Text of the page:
# Chapter 3 Carrying out the test

In this section, we will carry out a one-way ANOVA to test whether the average flipper length is different between species. We can propose this question in the form of the following hypotheses:

\[H_0: \mu_1 = \mu_2 = \mu_3 \text{ versus } H_1: \text{not all } \mu_i\text{'s are equal,}\]

where:

- \(\mu_1\) denotes the population mean flipper length of Adelie species penguins
- \(\mu_2\) denotes the population mean flipper length of Chinstrap species penguins
- \(\mu_3\) denotes the population mean flipper length of Gentoo species penguins.

Previously, when carrying out \(t\)-tests, we have calculated a test statistic and then evaluated how extreme this was by using the \(t\)-distribution. However, for ANOVA tests, we use the \(F\)-distribution. The \(F\)-distribution is defined by two degrees of freedom: \(d_1\) and \(d_2\). For a one-way ANOVA, we have that:

- \(d_1 = k - 1\), where \(k\) is the number of groups. This is the "between group" degrees of freedom.
- \(d_2 = N - k\), where \(N\) is the total sample size. This is the "within group" degrees of freedom.

So for our particular example, we have that \(d_1 = 3 - 1 = 2\) and \(d_2 = 342 - 3 = 339\), so that the distribution that will be used is the \(F_{2, 339}\) distribution. The below figure shows some example density curves of the \(F\) distribution for varying degrees of freedom:

For a one-way ANOVA, the test statistic, or the \(F\) value, is calculated by estimating the ratio of ** between group variation** to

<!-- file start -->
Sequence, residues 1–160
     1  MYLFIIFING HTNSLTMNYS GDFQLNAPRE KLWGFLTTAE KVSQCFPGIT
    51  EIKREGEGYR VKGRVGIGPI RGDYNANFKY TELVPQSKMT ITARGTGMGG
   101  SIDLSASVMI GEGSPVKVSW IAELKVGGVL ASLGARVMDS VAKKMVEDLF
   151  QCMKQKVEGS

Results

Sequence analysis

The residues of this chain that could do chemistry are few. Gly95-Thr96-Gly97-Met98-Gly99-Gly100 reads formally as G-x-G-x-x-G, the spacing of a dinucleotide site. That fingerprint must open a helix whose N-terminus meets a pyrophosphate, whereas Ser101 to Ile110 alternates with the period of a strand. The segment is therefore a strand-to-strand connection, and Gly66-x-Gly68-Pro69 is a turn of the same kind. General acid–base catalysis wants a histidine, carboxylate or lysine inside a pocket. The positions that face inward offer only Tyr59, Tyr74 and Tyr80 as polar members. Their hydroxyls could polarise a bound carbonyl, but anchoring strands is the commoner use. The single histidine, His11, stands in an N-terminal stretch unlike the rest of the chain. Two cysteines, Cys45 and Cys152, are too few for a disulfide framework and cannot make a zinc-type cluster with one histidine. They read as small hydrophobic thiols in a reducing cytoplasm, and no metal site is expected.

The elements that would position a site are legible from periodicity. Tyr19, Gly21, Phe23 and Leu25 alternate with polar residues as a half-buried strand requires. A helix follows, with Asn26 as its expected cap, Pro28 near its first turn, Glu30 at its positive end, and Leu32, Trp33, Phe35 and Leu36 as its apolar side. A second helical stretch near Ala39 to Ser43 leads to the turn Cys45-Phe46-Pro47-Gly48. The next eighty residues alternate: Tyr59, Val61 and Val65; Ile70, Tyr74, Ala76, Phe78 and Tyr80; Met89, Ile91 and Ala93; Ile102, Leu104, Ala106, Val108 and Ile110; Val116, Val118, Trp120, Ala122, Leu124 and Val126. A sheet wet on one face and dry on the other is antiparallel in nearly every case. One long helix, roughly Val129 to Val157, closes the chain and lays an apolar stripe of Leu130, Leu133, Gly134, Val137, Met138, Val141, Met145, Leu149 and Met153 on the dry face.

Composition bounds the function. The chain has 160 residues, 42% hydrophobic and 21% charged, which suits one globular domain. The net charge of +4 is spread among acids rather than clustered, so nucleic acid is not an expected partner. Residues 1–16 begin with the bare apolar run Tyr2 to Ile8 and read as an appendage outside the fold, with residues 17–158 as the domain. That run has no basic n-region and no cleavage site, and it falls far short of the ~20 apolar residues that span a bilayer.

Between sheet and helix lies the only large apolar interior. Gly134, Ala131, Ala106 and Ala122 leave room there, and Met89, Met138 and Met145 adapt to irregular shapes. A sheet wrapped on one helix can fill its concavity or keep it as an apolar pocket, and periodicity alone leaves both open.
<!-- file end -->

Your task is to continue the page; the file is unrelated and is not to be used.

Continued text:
**: \(\displaystyle \frac{\text{between group variation}}{\text{within group variation}}\). The**

*within group variation***is a measure of how much the sample means for each group vary. The**

*between group variation***is a measure of how much individual sample values within a group vary from their group sample mean. If the**

*within group variation***is much larger than the**

*between group variation***, then the \(F\)-statistic will be very large and lead to a statistically significant result. On the other hand, if the**

*within group variation***is not large compared to the**

*between group variation***, then the \(F\)-statistic will not be large and subsequently will not lead to a statistically significant result.**

*within group variation*We are now ready to carry out the one-way ANOVA. The results of the test are as follows:

```
Df Sum Sq Mean Sq F value Pr(>F)
species 2 52473 26237 594.8 <2e-16 ***
Residuals 339 14953 44
---
Signif. codes: 0 '***' 0.001 '**' 0.01 '*' 0.05 '.' 0.1 ' ' 1
2 observations deleted due to missingness
```

Assuming (for now) that the assumptions have been met, we note the following:

- The
**\(p\)-value**(read from the`Pr(>F)`

column) is almost 0, which is much less than 0.05, so we reject \(H_0\). That is, we have enough evidence to conclude that there is a statistically significant difference between groups - The significant result tells us that at least one of the groups is significantly different from the others, but it does not tell us which group(s), or how many. We will carry out pot-hoc tests later for further analysis
- The test statistic (
`F value`

) is \(F = 594.8\) - \(d_1 = 2\) (read from the
`Df`

column,`species`

row) - \(d_2 = 339\) (read from the
`Df`

column,`Residuals`

row) - To summarise, we can write: There was a significant difference in mean flipper length [F(2, 339) = 594.8, \(p < .001\)] between penguin species.